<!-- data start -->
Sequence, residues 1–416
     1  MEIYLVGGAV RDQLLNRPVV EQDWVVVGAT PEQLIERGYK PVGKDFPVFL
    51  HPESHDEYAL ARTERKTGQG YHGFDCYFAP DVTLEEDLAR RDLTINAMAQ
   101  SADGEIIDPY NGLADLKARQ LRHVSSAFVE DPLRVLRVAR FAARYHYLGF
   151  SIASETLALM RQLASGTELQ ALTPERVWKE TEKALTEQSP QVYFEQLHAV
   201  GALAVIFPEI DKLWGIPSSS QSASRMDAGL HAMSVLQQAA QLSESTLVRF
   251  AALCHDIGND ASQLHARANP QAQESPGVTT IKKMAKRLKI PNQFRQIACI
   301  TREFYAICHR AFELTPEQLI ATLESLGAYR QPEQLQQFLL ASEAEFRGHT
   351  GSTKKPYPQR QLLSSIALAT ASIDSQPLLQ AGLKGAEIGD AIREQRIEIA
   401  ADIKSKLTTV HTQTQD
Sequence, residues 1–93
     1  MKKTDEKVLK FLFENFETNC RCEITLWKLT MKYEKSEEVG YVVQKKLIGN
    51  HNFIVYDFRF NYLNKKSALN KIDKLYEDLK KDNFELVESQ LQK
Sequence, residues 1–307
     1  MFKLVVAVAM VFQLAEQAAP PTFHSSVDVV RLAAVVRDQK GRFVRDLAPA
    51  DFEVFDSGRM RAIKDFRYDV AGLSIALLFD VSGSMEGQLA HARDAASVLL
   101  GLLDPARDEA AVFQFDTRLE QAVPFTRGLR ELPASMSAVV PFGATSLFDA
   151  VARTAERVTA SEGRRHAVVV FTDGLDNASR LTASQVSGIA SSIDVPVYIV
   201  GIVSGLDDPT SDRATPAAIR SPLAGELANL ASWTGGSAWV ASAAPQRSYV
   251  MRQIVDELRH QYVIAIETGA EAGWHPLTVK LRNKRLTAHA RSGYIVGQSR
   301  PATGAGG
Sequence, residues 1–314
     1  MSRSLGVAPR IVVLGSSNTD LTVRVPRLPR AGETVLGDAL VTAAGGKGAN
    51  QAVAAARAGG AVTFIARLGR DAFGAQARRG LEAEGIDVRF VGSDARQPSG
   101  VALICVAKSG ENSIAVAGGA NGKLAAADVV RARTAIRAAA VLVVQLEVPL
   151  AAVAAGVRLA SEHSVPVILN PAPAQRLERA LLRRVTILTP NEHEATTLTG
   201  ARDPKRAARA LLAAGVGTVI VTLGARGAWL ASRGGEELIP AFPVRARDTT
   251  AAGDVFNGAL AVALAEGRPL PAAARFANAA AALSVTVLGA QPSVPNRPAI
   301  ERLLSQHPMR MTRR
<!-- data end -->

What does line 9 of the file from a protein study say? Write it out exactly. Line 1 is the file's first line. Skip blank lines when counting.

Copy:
   351  GSTKKPYPQR QLLSSIALAT ASIDSQPLLQ AGLKGAEIGD AIREQRIEIA